Words of Consecration of the Eucharist in the Early Church

I was reading a book on the Didache which states that

we know that these words (this is my body…this is my blood) only entered into the (Eucharistic) Prayer…in the fourth century.

So my question is this: If this is true and the words of consecration were added in the fourth century and had not been used before in the practice of the Eucharist, would this pose a problem for Catholicism as a religion and possibly discredit it?

Second question: Does anyone have any proof or counter evidence that would shoot this claim down (which is quoted above)? All you need is one reference to words of consecration being used by the church in the practice of the Eucharist before the fourth century.

(An interesting side note is that the Assyrian Church of the East doesn’t use words of consecration in their Eucharistic practice but I could be wrong.)

I’m not trying to go out of my way to doubt my faith. I find this objection to be very powerful if it’s legit, and I hope someone can quickly shoot it down.

Do you have a citation? Title, author, page number?

So my question is this: If this is true and the words of consecration were added in the fourth century and had not been used before in the practice of the Eucharist, would this pose a problem for Catholicism as a religion and possibly discredit it?

No. The Eucharist isn’t ‘magic’, such that it requires ‘magic words’ to be confected. The Church is the keeper of the sacraments, and as such, is the proper authority to determine the validity of sacraments. If, at some point in her history, the Church decided that these were to be the words used in the Eucharistic Prayer, than that decision is within her realm of competence. If these words hadn’t been used prior to that decision, then that’s OK, too – since the Church would’ve determined, in that time frame, what the proper celebration of the Eucharist consisted of.

Second question: Does anyone have any proof or counter evidence that would shoot this claim down (which is quoted above)? All you need is one reference to words of consecration being used by the church in the practice of the Eucharist before the fourth century.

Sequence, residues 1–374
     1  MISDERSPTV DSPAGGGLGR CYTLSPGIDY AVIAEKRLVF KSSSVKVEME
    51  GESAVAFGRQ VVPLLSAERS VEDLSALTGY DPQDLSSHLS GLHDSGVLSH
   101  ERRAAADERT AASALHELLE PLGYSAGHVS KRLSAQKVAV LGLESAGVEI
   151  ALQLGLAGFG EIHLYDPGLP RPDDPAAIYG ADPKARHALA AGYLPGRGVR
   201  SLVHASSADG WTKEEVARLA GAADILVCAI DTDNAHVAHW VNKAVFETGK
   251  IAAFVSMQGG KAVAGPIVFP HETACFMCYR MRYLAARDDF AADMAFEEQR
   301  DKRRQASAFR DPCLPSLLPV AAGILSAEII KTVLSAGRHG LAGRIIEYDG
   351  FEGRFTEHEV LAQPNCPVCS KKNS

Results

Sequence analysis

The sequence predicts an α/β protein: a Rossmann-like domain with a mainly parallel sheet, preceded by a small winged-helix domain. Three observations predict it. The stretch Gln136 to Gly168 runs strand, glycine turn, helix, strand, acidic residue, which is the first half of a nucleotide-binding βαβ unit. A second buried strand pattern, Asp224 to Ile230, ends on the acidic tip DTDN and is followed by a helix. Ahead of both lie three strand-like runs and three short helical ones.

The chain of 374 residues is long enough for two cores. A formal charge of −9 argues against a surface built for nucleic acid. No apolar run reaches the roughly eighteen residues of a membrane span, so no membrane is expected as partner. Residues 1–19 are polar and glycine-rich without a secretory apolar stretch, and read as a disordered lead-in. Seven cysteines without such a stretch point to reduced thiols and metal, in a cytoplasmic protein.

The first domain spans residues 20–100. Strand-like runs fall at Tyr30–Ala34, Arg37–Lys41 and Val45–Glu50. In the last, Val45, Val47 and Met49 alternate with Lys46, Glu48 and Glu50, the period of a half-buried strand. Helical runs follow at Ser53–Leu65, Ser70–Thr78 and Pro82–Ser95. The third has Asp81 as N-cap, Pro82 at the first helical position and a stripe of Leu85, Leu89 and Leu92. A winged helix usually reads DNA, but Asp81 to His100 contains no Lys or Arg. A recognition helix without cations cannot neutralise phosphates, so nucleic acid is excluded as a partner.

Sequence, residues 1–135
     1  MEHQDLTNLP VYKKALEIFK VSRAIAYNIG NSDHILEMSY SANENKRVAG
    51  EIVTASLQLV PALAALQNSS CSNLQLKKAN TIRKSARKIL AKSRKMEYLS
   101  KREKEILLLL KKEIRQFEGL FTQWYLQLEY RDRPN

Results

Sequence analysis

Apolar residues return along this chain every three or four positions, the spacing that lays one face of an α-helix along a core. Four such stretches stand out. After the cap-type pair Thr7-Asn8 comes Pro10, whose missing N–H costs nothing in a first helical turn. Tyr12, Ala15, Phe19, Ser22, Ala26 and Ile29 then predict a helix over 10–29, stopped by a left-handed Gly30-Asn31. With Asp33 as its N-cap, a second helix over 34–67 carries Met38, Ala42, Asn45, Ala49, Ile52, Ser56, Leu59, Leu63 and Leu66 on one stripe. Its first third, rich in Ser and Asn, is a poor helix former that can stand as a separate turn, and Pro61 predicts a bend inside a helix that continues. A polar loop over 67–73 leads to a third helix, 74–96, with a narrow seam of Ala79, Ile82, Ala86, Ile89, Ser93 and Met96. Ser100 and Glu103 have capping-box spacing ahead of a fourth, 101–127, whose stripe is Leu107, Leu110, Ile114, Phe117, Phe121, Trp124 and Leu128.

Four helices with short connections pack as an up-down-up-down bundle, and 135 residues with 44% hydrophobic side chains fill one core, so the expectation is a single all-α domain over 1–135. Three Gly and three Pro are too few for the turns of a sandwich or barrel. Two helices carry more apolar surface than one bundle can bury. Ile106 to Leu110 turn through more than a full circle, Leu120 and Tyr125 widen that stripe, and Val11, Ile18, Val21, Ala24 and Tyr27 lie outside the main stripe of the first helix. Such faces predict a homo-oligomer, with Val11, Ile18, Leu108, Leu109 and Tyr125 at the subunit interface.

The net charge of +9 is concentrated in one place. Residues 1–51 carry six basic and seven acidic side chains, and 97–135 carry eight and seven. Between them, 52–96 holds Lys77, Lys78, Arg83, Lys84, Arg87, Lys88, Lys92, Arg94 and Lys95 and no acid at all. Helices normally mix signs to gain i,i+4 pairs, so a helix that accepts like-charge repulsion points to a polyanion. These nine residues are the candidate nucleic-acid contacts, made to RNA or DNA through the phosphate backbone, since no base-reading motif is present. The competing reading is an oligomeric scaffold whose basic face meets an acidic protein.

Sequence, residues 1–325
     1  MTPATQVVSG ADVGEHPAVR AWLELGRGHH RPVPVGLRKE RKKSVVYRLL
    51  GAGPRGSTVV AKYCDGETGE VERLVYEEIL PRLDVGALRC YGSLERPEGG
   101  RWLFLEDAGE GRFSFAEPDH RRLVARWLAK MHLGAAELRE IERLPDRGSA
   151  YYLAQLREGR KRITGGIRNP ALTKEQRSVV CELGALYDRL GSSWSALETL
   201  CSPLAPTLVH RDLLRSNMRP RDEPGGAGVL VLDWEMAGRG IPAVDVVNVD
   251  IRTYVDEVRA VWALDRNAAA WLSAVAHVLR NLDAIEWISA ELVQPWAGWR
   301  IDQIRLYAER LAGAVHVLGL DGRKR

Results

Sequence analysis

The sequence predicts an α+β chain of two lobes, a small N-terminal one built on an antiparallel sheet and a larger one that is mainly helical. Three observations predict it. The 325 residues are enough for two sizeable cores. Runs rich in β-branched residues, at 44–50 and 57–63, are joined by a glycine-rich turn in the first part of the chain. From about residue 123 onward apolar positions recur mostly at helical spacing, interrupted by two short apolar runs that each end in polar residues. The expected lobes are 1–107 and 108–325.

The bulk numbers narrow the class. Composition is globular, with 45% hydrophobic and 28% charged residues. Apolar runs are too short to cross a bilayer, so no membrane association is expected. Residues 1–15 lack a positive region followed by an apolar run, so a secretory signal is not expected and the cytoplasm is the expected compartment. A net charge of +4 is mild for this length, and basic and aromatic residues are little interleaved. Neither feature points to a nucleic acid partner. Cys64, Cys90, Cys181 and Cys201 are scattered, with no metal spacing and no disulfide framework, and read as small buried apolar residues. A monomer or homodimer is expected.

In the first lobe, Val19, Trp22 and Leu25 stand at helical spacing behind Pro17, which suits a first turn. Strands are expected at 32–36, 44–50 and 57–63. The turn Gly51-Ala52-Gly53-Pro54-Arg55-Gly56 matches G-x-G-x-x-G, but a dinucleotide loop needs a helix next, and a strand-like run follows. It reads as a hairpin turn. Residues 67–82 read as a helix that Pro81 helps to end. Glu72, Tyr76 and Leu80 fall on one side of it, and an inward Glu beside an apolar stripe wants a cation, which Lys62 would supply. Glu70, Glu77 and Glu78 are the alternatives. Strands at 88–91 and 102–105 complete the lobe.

I would search out books on the history of the Eucharist, and start there. I’m assuming that the book you’re reading is pointing out that the Didache describes the Liturgy, but without the words of institution? And that it’s saying that the first extant document with the words of institution are ca. 4th century AD? (Does that prove that this was when the words entered the liturgy? :wink: )

(To tell the truth, I can’t remember – offhand – what scholars say about the entry of the words of institution into the liturgy. But, even if it’s the 4th century AD, that still doesn’t invalidate Eucharists before that time!)

Well, let’s see:
I am not going to quote theological scholarly work here just my humble opinion,

Matthew 26:26
Now while they were eating the meal, Jesus took bread, and he blessed and broke and gave it to his disciples, and he said: “Take and eat. This is my body.” 26:27 And taking the chalice, he gave thanks. And he gave it to them, saying: “Drink from this, all of you. 26:28 For this is my blood of the new covenant, which shall be shed for many as a remission of sins.

Mark 14:22
And while eating with them, Jesus took bread. And blessing it, he broke it and gave it to them, and he said: “Take. This is my body.” 14:23 And having taken the chalice, giving thanks, he gave it to them. And they all drank from it. 14:24 And he said to them: “This is my blood of the new covenant, which shall be shed for many.

Luke 22:19
And having taken the chalice, he gave thanks, and he said: “Take this and share it among yourselves. 18 For I say to you, that I will not drink from the fruit of the vine, until the kingdom of God arrives.” 19 And taking bread, he gave thanks and broke it and gave it to them, saying: “This is my body, which is given for you. Do this as a commemoration of me.”

I Corinthians 11:24
took bread, 24 and giving thanks, he broke it, and said: “Take and eat. This is my body, which shall be given up for you. Do this in remembrance of me.” 25 Similarly also, the cup, after he had eaten supper, saying: “This cup is the new covenant in my blood. Do this, as often as you drink it, in remembrance of me.”